Republican presidential candidate debate shines national spotlight on Myrtle Beach

This is the third in a series of 10 articles that examine news events that shaped our area and captured our attention for better or worse in 2012, and look ahead at what developments await in 2013. If you missed one, read it at MyrtleBeachOnline.com.

Coming Tuesday: Murrells Inlet’s Dead Dog Saloon burned to the ground and reopened in a short three months

It seems forever ago, but this time last year the Grand Strand was abuzz as it prepared to host another presidential primary debate after hosting two in 2008.

Once the decision was made in October 2011, members of the Myrtle Beach Area Chamber of Commerce, the S.C. Republican Party and countless others worked straight through the holidays up until the Jan. 16 event, said chamber President and CEO Brad Dean.

“It was a challenge to win the right to host the event,” Dean said. “We started the process a month after the 2008 election.”

Dean worked with S.C. Republican Party Executive Director Chad Connelly to bring the Fox News-sponsored debate to Myrtle Beach this past January.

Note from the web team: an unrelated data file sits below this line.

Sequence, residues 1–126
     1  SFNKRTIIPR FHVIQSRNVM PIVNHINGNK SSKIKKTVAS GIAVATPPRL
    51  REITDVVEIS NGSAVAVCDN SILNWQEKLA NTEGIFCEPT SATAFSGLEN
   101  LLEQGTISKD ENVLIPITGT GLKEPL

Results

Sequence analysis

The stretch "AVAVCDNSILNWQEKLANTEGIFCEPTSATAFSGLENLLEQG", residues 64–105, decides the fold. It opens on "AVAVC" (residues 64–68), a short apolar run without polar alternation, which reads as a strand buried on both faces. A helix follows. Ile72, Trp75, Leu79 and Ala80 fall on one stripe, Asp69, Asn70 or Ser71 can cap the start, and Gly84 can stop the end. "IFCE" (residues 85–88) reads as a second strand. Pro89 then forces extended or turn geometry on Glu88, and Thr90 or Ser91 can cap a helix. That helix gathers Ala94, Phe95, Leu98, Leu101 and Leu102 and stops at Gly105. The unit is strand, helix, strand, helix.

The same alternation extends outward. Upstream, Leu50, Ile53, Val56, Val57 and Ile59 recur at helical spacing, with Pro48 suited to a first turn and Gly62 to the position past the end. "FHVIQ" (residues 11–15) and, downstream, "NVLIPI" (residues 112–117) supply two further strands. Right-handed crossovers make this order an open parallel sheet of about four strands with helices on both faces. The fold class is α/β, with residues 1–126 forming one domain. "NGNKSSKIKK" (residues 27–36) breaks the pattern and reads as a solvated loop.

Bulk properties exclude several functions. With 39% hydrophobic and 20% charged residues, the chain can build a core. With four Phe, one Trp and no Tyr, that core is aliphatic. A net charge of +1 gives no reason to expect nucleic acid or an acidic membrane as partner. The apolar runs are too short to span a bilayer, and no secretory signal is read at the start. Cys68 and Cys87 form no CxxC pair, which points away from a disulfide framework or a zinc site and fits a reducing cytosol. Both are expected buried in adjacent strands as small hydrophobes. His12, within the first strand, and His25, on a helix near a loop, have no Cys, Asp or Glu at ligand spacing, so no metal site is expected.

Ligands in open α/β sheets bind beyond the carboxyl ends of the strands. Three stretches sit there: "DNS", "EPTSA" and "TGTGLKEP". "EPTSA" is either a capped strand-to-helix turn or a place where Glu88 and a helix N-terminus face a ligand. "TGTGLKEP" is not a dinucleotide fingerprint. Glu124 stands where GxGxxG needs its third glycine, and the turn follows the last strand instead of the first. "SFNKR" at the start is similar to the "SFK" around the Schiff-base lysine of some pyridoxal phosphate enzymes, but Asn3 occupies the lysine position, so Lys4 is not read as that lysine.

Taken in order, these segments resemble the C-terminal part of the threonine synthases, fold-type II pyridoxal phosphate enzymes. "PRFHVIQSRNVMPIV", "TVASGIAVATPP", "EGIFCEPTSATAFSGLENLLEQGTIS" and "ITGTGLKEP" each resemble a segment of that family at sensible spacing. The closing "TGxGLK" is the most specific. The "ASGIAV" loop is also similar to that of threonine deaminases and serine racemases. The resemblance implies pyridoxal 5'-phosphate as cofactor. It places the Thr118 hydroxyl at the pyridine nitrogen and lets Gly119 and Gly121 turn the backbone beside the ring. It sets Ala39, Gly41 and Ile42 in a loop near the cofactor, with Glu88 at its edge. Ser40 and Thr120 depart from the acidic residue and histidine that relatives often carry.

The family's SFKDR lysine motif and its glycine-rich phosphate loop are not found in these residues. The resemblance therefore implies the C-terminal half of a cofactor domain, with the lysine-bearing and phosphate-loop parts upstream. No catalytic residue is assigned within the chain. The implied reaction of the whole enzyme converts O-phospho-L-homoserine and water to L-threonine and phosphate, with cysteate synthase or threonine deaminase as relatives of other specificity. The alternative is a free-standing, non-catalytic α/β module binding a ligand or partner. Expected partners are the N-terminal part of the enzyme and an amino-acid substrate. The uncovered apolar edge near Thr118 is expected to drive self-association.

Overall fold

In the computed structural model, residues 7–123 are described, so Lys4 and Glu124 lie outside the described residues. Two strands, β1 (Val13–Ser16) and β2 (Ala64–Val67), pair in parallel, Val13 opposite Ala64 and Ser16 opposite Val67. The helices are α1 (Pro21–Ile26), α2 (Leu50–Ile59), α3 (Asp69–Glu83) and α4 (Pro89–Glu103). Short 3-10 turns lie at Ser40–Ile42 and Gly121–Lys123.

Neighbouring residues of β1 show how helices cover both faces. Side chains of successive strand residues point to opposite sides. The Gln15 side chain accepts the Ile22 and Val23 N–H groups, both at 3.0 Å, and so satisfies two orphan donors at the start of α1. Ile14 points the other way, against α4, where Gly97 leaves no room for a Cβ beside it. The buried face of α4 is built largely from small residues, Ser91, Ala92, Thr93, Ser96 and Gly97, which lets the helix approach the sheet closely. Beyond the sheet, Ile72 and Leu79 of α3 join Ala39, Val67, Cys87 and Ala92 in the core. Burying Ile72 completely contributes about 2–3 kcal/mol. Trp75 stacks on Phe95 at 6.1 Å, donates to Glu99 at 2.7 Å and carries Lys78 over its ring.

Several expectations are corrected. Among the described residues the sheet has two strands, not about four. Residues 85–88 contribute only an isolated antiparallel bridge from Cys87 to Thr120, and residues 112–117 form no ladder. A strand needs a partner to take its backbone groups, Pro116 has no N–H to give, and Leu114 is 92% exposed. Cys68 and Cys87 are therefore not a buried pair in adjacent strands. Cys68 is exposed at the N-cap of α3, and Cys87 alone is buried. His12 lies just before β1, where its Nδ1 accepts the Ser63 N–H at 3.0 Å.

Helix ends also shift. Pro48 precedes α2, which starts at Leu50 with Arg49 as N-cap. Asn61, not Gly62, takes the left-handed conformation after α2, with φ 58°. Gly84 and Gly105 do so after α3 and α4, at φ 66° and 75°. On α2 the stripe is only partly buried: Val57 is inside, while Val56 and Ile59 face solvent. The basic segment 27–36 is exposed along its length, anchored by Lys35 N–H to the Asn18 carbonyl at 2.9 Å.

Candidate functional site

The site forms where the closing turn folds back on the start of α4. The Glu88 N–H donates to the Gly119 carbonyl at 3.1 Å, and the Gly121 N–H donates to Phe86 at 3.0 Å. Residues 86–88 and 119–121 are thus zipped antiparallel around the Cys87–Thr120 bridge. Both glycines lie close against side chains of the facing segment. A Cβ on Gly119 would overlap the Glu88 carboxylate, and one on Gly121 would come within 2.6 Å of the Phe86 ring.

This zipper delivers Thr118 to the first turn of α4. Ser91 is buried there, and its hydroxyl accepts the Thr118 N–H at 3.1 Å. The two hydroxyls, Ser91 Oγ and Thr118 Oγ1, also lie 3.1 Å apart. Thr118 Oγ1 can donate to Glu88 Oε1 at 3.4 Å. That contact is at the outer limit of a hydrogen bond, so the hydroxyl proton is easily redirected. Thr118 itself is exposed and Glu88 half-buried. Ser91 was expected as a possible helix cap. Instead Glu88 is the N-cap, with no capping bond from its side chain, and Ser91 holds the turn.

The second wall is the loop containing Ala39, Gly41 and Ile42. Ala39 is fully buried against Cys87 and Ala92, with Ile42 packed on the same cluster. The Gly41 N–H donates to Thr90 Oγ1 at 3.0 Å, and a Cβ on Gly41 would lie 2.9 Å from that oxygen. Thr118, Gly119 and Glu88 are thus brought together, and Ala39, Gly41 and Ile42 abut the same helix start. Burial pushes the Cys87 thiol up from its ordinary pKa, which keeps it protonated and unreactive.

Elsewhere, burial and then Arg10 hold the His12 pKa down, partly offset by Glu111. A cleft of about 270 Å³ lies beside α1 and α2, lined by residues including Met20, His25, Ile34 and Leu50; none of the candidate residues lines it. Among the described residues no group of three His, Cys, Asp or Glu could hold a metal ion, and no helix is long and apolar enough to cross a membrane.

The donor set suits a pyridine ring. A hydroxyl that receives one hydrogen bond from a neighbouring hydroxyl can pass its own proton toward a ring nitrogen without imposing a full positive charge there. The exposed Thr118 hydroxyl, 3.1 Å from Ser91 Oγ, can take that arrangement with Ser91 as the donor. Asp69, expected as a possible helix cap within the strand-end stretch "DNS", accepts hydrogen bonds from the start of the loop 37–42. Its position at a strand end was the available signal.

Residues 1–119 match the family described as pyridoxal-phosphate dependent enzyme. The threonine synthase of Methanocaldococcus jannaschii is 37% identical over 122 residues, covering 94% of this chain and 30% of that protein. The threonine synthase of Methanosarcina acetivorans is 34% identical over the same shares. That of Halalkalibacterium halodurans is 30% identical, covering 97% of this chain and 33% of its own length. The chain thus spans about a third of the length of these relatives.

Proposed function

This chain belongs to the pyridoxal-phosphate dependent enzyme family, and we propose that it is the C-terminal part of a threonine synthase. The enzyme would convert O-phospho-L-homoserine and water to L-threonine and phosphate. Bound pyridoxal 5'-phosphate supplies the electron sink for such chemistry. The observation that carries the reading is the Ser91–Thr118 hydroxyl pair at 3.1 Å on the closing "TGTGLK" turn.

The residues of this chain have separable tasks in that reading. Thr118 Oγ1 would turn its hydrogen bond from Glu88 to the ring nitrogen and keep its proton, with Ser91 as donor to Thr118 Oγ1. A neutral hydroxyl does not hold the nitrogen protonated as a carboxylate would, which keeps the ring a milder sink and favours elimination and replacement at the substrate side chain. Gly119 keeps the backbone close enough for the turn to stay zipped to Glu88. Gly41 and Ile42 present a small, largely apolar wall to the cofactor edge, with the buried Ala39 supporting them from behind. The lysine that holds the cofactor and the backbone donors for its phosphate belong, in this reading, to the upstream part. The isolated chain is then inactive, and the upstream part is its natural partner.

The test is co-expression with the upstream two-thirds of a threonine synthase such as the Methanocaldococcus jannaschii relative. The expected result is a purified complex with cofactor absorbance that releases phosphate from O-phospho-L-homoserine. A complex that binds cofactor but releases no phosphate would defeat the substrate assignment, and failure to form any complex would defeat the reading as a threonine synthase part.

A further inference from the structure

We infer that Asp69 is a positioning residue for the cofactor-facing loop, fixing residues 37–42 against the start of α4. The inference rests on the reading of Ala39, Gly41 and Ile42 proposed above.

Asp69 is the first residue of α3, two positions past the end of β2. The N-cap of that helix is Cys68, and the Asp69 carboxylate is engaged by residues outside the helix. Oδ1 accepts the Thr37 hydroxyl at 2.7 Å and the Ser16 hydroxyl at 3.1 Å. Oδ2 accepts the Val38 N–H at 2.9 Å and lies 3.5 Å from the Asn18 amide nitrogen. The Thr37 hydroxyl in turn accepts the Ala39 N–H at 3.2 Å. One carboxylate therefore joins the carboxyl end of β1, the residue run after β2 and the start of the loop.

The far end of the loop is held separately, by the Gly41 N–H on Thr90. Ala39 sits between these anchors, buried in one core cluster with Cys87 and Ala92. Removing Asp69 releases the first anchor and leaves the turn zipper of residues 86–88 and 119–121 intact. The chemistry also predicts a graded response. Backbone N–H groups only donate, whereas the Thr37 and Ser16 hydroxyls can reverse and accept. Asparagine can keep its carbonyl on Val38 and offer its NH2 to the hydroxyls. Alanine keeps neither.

Dean said the debate brought a significant economic boost to the Myrtle Beach area in the off-season during a month that is historically the slowest of the year. The two debates in 2008 brought in between $8 and $10 million.

Dean said the benefit of having the debate in town was not as much about the money it would bring in through hotel stays and restaurants, but the free publicity that came with it. Myrtle Beach spokesman Mark Kruea said the debates aren’t the biggest off-season events, but also said getting national and international exposure is extremely important.

“It’s name recognition that you simply can’t get in any other way. That benefit is almost incalculable,” Kruea said. “It’s the publicity that’s so key more so than the hotel room nights and the restaurant meals.”

Dean said he’s been happy with the way he said the community embraced having the debates in Myrtle Beach.

“Our community displays an unprecedented level of civic pride,” he said. “We provide big city services and abilities with a small town, welcoming atmosphere.”

Kruea and Dean both said they wouldn’t be opposed to hosting another debate in the future.

“Not only would we welcome the opportunity to host another national event, but I think we’ve laid the groundwork to host future events,” Dean said. “I think the community has earned a right to be on the short list of places to host [future debates].”

Dean said the chamber will wait to see what the benefits would be to hosting a primary debate – or even a general election presidential debate – in 2016.

“We’ve made it known that we want to be considered for future events, but we don’t host events just for the sake of hosting events,” Dean said. “We judge those events not only on the return on investment but also the scope of the publicity. Publicity is the gift that keeps on giving.”